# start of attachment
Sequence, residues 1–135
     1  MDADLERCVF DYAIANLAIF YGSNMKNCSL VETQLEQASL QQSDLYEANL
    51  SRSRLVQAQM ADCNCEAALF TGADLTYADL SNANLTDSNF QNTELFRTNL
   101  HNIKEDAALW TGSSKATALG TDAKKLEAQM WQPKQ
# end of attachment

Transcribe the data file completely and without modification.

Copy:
Sequence, residues 1–135
     1  MDADLERCVF DYAIANLAIF YGSNMKNCSL VETQLEQASL QQSDLYEANL
    51  SRSRLVQAQM ADCNCEAALF TGADLTYADL SNANLTDSNF QNTELFRTNL
   101  HNIKEDAALW TGSSKATALG TDAKKLEAQM WQPKQ